Prepare container infrastructure that's dynamic and stable
IT innovations need a solid foundation, and containers are no exception. As a lightweight OS-level isolation technology that enables independently scaled, distributed app components, containers are only as good as the underlying stack.
Organizations must address container infrastructure, namely storage, security and networking, as pilot projects move to large-scale production. For many enterprises, 2018 is the year for this ramp up. Container management investments are in store for 31% of infrastructure-focused respondents to the TechTarget IT Priorities Survey, compared to 2017, when only 15% of survey takers expected to deploy containers. Check out more research in the infographic of "Container adoption stats reveal a ramp up in production."
What's in store
Containers, though inherently stateless, cannot escape the persistence in enterprise applications. Organizations must coordinate storage for container application data or they will lose scaling and portability. Of the IT Priorities Survey's storage-focused respondents, 11% cited containers as the specific reason for infrastructure investments. Storage modernization takes many forms, and organizations are delving into them all: Nearly 29% of all IT infrastructure-focused respondents plan to invest in software-defined storage in 2018, and a total of 41% of respondents are considering converged or hyper-converged infrastructure. Dig into the storage problem in analyst Mike Matchett's "Persistent data storage in containerized environments."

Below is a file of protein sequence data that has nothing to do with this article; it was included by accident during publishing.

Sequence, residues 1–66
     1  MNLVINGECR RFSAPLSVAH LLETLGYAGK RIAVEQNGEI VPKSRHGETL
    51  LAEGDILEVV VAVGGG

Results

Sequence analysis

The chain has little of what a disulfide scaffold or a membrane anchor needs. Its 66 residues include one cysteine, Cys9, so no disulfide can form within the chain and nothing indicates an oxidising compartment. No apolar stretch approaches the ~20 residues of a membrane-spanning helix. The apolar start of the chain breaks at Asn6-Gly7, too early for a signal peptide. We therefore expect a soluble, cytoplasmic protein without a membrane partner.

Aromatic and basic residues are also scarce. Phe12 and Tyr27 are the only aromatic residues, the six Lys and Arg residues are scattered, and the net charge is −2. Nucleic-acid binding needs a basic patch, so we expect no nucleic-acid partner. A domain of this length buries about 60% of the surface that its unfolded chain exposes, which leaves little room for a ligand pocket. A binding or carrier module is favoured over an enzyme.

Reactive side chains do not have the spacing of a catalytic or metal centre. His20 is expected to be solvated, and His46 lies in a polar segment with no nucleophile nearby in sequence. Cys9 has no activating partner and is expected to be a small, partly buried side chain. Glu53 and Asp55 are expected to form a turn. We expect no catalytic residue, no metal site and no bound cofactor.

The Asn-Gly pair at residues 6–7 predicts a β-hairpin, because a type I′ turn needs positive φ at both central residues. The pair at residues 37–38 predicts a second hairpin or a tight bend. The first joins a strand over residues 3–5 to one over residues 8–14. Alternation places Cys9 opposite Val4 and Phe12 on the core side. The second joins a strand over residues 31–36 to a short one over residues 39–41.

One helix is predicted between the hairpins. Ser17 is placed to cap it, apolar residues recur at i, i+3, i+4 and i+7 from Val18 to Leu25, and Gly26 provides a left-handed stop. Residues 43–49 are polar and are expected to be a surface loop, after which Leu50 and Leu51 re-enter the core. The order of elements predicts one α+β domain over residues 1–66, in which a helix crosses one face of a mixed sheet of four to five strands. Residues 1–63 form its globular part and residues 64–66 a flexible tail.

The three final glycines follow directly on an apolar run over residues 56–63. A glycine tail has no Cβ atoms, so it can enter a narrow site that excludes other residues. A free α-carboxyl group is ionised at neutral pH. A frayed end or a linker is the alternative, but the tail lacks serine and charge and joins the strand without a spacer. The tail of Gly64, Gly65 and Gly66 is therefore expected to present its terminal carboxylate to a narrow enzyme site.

Portable, scalable containers also put new demands on back-end networking. Software-defined networking (SDN) suits container hosting thanks to automatic resource provisioning and easy adaptation to changing traffic patterns. SDN and other virtualization capabilities are on the 2018 roadmaps of a total of 44% of IT Priorities infrastructure survey respondents. Learn more about the connection between network and containers from Doyle Research in "Benefits of containers seep into software-based networking."
Lock it down
Storage and networking are critical in successful container hosting, but there are other factors at play. Security and isolation work differently for containers, which share an OS, than they do with VMs, which each encapsulate a whole OS. Monitoring within and around the containers also requires fresh attention. And many organizations use containers in concert with public or hybrid cloud, necessitating conversations about hosting priorities and tradeoffs, and management tools. Read the rest of the articles in this guide to build a comprehensive plan for container infrastructure.